A motion on antisemitism that sparked anger and fear amongst many Jewish social workers was not voted on at the annual conference of the British Association of Social Workers. (BASW) on Friday.
Jewish News revealed on Wednesday how a motion tabled for the AGM of the largest professional membership organisation for social work had called for the body to “suspend the decision to endorse the IHRA definition of antisemitism.”
The motion was backed by the Social Workers Union who claimed the examples of possible antisemtic conduct listed by IHRA ” have been regularly used to conflate criticisms of Israel with antisemitism and to frame defending Palestinian rights as antisemitic.”
Jewish social workers had also stressed the problems were not just about the rejection of IHRA, but also the refusal to listen to concerns they raised about their voices being overlooked.
In a surprise move, delegates attending the BASW conference, both in person and online, were informed on Friday that there was Point of Order to move on from voting on motion number 8.
One delegate was heard saying there was a real need “to listen to Jewish voices” over their concerns about the anti-IHRA motion.
It is understood that the call to move on from the motion without those watching events online voting on it was seconded by someone else at the conference.
Dr Paul Shuttleworth, a lecturer and tutor for Sussex University an an independent social work practitioner, told Jewish News on Friday:”Many Jewish social workers are extremely relieved that the motion was moved on and not voted on.
“Today caused untold stress and worry, not just to Jewish social workers, but also, as my inbox will attest to, many UK Jews.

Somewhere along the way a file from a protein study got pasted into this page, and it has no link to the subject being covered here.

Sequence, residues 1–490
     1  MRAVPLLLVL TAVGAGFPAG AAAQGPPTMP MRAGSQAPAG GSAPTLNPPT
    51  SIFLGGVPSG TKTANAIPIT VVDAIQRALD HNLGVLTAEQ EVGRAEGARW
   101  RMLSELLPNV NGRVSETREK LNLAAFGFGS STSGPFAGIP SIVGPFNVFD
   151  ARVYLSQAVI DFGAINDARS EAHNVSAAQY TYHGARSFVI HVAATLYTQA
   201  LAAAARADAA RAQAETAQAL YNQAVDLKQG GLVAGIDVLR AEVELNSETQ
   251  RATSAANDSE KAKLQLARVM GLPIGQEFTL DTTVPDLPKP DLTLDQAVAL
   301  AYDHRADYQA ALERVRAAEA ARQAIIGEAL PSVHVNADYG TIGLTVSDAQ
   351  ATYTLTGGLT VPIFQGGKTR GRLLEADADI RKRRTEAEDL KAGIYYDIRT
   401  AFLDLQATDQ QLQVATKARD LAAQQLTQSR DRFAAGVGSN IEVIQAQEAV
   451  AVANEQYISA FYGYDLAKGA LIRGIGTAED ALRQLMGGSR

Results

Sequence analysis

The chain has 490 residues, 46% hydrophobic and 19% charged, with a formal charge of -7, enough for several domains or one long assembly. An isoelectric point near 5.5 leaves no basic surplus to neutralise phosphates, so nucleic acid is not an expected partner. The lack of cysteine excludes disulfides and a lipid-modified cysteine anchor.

“To repeat what the Jewish Social Workers group have said all along, this was NOT just about the IHRA definition or the right and need to criticise specific Israeli policies or support the rights of Palestinians.
“This was also about listening to Jewish experiences of antisemitism. It was about Jewish people, once again, not being believed, being censored, and being silenced.
“As social workers we must always place lived experience at the heart of everything we do. We feel that Jewish lived experience should be at the centre of discussion, debates, and definitions on antisemitism. ”
Although the motion still stands, it will now be sent back to BASW’s policy and ethics committee, who will have to also consider the issues raised by Jewish social workers.
Jewish News had revealed how a podcast in which two Jewish social workers discussed their experiences of antisemitism, produced in conjunction with the Community Security Trust, was taken down by BASW officials, in response to a complaint from a Palestinian campaigner suggesting the recording “seeks to confuse criticism of apartheid Israel with antisemitism.”
In a response to last October’s podcast dispute, the newly former Social Worker Jewish Group, set up to represent those from the community who practice the profession, issued a statement saying:”Sadly, we expected these types of complaints because the podcast was the first to ever talk about antisemitism and social work, with two Jewish people talking about their experiences.
“We expected attempts to censor, silence, intimidate, and cancel Jewish voices and opinions.”
Dr Shuttleworth had tweeted on Wednesday: “It’s uncomfortable being a Jewish social worker at the moment.
“We are not being listened to and non-Jews are deciding whether we are allowed to define antisemitism. Yes this is real.”
He added on Friday:”Whilst debate on matters on the historical and current complexities of anti-Zionism and antisemitism must be discussed, a limited forum where both ‘sides’ do not feel properly heard, was not the place to do it.
“We are grateful that are more nuanced, informed, collaborative, and ethical discussion can now take place at BASW on this matter, with Jewish voices at the centre. We also hope that the Social Work Union will work with us so that they can better understand Jewish experiences and not deter Jews from joining them.”
Commenting on the podcast dispute, the Community Security Trust said:”“This is the reality of how antisemitism played out at that time and rather than censoring Jewish voices, social workers would do better to listen and learn.”
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